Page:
I have just finished working on a project which I always wanted to shoot but never had enough courage, knowledge and the right equipment. Finally, the day has come and, together with a good friend of mine, we teamed up and mounted a camera on the bonnet of his car. Below you can see the results.
Inspired by a series of Vertoramas depicting the transition between daytime and night-time, I decided to try to achieve a similar effect in an equirectangular panorama. I have to admit, the final image isn’t perfect and there’s definitely more room for improvement but overall, I’m pleased with the result. This post will discuss some of the issues I experienced during this project. In order to appreciate this image more, make sure you visit the interactive version on 360cities here.
Capturing the Nadir (the area of the ground directly below the Nodal point of your lens) is probably the most challenging and time-consuming aspect of panoramic photography. It is also important to compose the Nadir properly if you want to turn your image into an interactive panorama. This post will explain some techniques you can work on in order to improve or even design the Nadir of your panoramas. If you are completely new to panoramic photography please read my previous posts: Equirectangular Panorama and HDR Panorama.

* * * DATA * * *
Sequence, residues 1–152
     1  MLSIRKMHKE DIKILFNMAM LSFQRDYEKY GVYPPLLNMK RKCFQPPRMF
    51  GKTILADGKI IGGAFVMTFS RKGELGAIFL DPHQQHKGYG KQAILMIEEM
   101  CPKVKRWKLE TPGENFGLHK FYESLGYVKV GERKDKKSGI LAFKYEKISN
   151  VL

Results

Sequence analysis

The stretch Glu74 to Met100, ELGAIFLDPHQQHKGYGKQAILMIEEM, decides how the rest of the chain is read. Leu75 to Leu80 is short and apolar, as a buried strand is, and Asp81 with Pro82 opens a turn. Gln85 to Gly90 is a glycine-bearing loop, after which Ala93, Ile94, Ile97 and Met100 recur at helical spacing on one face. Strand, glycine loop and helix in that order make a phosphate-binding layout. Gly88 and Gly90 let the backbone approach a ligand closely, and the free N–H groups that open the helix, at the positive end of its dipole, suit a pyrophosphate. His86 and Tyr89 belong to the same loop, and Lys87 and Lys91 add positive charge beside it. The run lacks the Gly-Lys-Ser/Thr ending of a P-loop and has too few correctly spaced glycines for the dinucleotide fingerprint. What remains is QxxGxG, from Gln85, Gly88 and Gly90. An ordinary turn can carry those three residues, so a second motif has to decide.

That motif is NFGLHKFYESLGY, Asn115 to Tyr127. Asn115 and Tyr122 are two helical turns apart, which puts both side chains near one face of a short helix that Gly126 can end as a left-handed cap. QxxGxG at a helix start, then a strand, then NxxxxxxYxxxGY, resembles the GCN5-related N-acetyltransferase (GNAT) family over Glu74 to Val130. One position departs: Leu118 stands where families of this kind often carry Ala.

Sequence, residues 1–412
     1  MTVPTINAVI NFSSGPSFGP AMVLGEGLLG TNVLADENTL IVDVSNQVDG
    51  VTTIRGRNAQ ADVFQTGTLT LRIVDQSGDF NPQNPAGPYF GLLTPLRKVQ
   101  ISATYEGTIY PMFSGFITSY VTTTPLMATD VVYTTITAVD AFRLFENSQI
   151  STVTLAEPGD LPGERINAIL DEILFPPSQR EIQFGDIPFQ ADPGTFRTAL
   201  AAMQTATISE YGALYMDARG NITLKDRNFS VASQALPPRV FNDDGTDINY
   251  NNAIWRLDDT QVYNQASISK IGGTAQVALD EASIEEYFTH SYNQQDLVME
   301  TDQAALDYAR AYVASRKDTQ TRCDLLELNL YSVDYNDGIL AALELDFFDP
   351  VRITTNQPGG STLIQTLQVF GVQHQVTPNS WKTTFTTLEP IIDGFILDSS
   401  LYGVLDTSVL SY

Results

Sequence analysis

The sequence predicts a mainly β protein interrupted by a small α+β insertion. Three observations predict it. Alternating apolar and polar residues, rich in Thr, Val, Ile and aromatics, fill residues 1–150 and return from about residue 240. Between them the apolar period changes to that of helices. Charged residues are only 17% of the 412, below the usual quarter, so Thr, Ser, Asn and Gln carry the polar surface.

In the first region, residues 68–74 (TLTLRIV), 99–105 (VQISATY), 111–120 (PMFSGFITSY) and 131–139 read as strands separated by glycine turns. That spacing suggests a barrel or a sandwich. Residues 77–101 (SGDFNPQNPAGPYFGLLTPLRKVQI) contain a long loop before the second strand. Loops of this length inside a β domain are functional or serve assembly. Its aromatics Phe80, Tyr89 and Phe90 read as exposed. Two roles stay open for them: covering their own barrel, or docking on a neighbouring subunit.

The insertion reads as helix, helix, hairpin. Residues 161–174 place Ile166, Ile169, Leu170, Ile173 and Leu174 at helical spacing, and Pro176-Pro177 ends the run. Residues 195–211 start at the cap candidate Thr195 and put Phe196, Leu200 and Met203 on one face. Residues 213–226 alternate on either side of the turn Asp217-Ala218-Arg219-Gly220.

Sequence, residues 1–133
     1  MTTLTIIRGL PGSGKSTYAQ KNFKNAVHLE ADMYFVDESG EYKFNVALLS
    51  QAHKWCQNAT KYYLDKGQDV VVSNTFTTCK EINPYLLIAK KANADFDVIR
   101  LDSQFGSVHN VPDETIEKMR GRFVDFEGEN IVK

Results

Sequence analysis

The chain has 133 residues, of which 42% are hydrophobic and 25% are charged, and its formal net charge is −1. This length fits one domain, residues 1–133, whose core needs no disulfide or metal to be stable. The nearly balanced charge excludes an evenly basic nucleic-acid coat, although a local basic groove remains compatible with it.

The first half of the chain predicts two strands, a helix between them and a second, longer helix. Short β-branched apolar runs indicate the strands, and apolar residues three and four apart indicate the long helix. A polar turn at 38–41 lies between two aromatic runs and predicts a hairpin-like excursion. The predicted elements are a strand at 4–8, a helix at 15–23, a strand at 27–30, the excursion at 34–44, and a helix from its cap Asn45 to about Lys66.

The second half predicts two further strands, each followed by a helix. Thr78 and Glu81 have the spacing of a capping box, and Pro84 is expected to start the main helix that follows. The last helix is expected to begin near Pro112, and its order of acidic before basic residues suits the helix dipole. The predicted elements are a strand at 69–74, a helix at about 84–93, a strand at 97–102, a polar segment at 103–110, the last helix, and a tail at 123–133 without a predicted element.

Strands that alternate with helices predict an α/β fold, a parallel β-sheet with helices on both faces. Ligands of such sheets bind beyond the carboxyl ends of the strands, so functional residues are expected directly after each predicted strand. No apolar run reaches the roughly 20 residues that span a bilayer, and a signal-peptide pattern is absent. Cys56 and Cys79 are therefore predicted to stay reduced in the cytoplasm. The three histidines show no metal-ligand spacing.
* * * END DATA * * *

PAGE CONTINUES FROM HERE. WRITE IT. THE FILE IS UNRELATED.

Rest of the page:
One of the greatest challenges in Macro photography is getting the right DOF (depth of field). Generally, the closer to your object you get, the shallower the DOF becomes. Smaller apertures will let you gain more DOF, but will also block more light, taking into consideration the fact that most handheld macro work is already done with fast shutter to reduce camera shake. If you want to achieve ultra sharp images, with a reasonable aperture, then focus stacking is ideal to achieve that. There’s a lot of equally good software available for focus stacking on the market, but I have decided to demonstrate how Photoshop CS5 copes with it.
This week I’ve decided to experiment with the Peirce Quincuncial projection. In simple terms, this is a projection which is capable of projecting an equirectangular panorama onto a square. It’s similar to a stereographic projection as both of them represent a 360° field of view. The only difference between them is that a stereographic projection will produce a spherical image whereas Peirce Quincuncial will project the final image onto a square. If you are new to panoramic photography, please familiarise yourself with my previous posts on Equirectangular Panorama as you will need one to follow this step-by-step tutorial.